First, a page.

Lynn's Comments: This Sunday page was also done as a result of a television program. The National Film Board had started a sort of documentary on FBorFW and a crew had been sent to Lynn Lake to record the local "colour". One of the things we ladies did for fun was to attend different demonstrations in each others' homes. Small private sales events were as popular then as they are now. We went to Tupperware and candle sales, clothing shows, cooking and make up demonstrations - anything that would get us out of the house and into an adult environment. Booze was optional, but certainly helped augment the ambiance and the sales. For the sake of the Film Board, I agreed to host a makeup demonstration in my home. The process required the participants to allow their hair to be tied back so that a variety of goops and granules could be spread on our faces. This was not appreciated by some of the ladies who had never been on television and didn't want their debut to be mid toilette. After a bit of cajoling and a few drinks, we proceeded to give the NFB the inside scoop on the home facial demo...doing what we could to make this the highlight of the film. It took hours and many applications of facial stuff before we could call it quits. The ladies departed with grateful thanks from all involved and I promised them a copy of the video if it ever came to be. It did. The all-day makeup demonstration, with retakes, reasks, and redos, however, was reduced to less than two minutes of the film. In the end, no one complained. It was fun to do, but none of us really wanted to see the results. Some things are best left on the cutting room floor!
Lynn's Comments: Like most little girls, I was fascinated by make up and wanted to try it on. My mom didn't use much and what she had was out of bounds. Had I ever gone into her cosmetics without permission, I would have been in serious doo doo. One of my mothers' friends was a sales rep for Avon. She carried a stunning assortment of tiny "trial-sized" lipsticks which she gave away when the line changed and the colours were discontinued. Mom was often the recipient of her generosity and when the tiny tubes were empty, I would retrieve them from the garbage and use a toothpick to get the last smudge of colour from the bottom. Sometimes I'd find a big tube tossed away, which was great - except that the colour was always far too red. In order to get away with wearing the stuff, I would heat the tube and mix the lipstick with Vaseline. I managed to sneak the slightly rouged lips past my mom... until I left the tube in my pocket. This, of course went into the wash - leaving a load of laundry covered in red blobs. Too angry to speak, Mom took the ruined clothing upstairs and with a philosophical "what have I got to lose" attitude, she boiled the lot with soap powder in her big canning pot. All of the lipstick came out of the clothing! I was saved. Then it was time for the inevitable lecture about being too young and sneaking around. The next day, she came home from work with a tube of pale pink lip gloss. I had my lipstick and I could wear it openly. Nice touch! Having the "real thing" however, sort of dampened the spirit of adventure and I lost interest in make up until I was in my early teens!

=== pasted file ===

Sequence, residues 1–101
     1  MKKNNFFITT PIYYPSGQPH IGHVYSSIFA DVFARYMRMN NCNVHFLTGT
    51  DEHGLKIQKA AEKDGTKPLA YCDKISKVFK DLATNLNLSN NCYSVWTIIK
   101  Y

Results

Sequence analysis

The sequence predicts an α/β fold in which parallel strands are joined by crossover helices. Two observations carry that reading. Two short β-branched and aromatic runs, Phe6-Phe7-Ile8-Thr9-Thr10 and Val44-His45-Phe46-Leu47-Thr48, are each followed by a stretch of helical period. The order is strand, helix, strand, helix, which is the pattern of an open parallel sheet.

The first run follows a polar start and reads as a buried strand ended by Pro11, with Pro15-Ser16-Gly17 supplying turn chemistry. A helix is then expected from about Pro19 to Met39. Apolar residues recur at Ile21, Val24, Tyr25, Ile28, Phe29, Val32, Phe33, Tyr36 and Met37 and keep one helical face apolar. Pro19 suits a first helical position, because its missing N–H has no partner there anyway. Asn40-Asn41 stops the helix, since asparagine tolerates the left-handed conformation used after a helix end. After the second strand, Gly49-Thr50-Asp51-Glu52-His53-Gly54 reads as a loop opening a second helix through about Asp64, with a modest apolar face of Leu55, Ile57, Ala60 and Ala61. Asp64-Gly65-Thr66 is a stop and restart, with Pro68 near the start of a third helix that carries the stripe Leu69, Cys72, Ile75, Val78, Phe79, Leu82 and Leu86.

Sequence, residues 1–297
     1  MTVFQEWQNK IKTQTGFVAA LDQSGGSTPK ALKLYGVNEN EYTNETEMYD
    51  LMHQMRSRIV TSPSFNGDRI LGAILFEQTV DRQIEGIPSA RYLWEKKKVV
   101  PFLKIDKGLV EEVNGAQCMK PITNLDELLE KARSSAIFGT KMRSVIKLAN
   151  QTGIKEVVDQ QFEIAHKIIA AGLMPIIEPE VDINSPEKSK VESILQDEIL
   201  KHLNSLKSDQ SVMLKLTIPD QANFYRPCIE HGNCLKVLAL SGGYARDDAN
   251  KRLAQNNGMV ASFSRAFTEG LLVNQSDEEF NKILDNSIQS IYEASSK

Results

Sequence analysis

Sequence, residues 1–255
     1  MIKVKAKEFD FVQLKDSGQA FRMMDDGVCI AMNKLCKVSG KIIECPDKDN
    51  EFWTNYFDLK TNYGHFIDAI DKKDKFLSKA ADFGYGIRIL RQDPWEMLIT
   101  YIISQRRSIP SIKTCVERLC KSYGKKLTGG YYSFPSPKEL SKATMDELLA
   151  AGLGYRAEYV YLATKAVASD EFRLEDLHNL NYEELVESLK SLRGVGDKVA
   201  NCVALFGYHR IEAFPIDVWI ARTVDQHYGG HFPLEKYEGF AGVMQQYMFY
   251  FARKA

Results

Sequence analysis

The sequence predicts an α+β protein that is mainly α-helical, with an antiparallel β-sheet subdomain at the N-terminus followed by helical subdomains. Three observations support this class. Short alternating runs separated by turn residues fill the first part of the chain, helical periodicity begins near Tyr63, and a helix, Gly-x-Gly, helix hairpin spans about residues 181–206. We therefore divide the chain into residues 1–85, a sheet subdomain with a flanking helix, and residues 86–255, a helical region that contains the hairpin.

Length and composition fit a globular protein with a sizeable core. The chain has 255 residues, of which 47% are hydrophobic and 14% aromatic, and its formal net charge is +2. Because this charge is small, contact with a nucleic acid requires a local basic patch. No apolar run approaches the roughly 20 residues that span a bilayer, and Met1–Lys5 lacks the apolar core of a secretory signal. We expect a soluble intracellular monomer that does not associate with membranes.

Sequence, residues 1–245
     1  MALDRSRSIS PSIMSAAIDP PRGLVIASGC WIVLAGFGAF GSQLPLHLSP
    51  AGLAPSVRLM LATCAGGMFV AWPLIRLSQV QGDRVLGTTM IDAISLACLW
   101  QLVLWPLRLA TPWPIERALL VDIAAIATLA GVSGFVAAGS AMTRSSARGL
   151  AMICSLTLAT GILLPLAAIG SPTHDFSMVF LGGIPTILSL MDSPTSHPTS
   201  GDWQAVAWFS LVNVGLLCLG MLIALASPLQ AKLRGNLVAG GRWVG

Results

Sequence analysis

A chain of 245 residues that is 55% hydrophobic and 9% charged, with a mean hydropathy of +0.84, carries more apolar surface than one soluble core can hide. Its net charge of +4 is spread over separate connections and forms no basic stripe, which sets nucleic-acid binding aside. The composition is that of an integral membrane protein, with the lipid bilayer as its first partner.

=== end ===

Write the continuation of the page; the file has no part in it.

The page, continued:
Lynn's Comments: When this strip was first published in 1984 the second panel read, "I can't--all my stuff is in THAT one!!" The other day I received a call from Sue, my long-suffering editor, who asked me if it was better grammatically to say, "All my stuff is in THIS one"--considering that John was referring to the bathroom directly in front of him and not the one downstairs. I agreed, and we changed the dialogue. I guess this proves that it's never too late to be caught by an editor!
Lynn's Comments: When my brother and I were kids, our cousins came to stay for a few weeks. Rob and Josie shared our rooms, and within a few days we were at each other’s throats. Our cousins had gone through all of our stuff and we felt violated. From the cousins’ point of view, they were just looking around. We saw it differently!